As clinical trials of COVID-19 shots for children under age 5 crawled along in early 2022, the omicron variant gained a firm foothold in the U.S. While serious cases of COVID-19 remain relatively rare in children, hospitalizations in kids under 5 increased dramatically due to the heightened transmissibility of omicron, highlighting the urgent need for a safe vaccine in that age group.
Debbie-Ann Shirley, a pediatrician specializing in infectious diseases at the University of Virginia, wrote in March 2022 about the painstaking process of performing clinical trials sequentially for each descending age group.
“Several factors determine how our bodies respond to vaccines, and one of these variables is age,” Shirley explained. “Testing by age groups helps to account for these differences in how the maturing immune system responds to different types of vaccines. It is common for childhood vaccines to be given in series to help train the young immune response to make better and stronger antibody responses with each subsequent dose.”
In the fall of 2021, a mounting body of data from adults and adolescents found that immunity from COVID-19 vaccines and infections was waning over time, suggesting that booster shots would be needed – especially in the face of omicron. The same trends proved true for the 5 to 11 age group, though vaccination continued to provide strong protection against severe COVID-19 that leads to hospitalization. So in May 2022, the CDC recommended a booster dose for 5- to 11-year-olds.
COVID-19 shots for infants and preschoolers are expected to follow a similar trajectory; Pfizer’s COVID-19 shots for kids under age 5 are intended to be a three-dose series. Moderna’s testing of the third dose is still underway. In May 2022, Shirley provided a snapshot of those studies and explained how researchers were determining that the third shots were safe and effective.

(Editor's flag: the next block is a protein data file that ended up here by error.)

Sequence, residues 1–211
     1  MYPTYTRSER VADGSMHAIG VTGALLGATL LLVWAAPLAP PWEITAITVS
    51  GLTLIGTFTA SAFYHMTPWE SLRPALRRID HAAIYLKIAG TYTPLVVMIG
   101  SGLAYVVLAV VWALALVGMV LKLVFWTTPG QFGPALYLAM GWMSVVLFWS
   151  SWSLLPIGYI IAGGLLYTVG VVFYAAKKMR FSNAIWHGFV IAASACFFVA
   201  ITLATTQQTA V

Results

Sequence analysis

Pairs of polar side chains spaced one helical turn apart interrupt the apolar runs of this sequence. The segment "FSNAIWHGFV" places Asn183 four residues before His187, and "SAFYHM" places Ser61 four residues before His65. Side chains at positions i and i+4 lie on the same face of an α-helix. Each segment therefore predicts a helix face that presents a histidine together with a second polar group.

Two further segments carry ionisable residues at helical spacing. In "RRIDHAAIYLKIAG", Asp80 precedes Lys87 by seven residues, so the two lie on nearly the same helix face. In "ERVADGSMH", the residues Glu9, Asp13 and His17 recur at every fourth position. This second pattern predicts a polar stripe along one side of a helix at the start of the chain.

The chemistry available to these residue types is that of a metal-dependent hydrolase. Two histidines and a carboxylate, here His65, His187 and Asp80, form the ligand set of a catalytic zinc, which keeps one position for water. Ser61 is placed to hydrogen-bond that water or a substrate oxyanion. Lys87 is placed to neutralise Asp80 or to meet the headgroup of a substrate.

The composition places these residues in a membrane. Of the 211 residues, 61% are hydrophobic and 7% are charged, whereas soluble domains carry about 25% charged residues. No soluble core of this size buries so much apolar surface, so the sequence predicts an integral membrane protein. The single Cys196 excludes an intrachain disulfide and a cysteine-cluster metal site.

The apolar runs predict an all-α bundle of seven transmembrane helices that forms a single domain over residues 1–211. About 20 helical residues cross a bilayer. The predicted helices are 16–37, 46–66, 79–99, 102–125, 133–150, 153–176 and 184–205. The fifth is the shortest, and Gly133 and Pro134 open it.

While the wait for COVID-19 vaccines for young children has undoubtedly been excruciating for some parents, so might be their conversations with children who have serious anxiety over getting a shot. Lynn Gardner, an associate professor of pediatrics at Morehouse School of Medicine and a primary care pediatrician, has helped thousands of parents and their children cope with the very real fears that can surface in the doctor’s office.
Gardner wrote about what she calls the “Three P’s” – preparation, proximity, and praise – that parents and caregivers can use to lessen their children’s anxiety around shots and help them have a more positive experience.
“It is essential that you ask your child how they are feeling about receiving a shot,” she explained. “Giving them the opportunity to express their feelings can decrease the amount of stress and anxiety they feel about it. Validate their feelings by telling them you know needles can be a bit scary, but then reassure them that they can handle it. Explain why they’re receiving vaccines and emphasize it is for their overall good.”
Editor’s note: This story is a roundup of articles from The Conversation’s archives.
This article is republished from The Conversation under a Creative Commons license.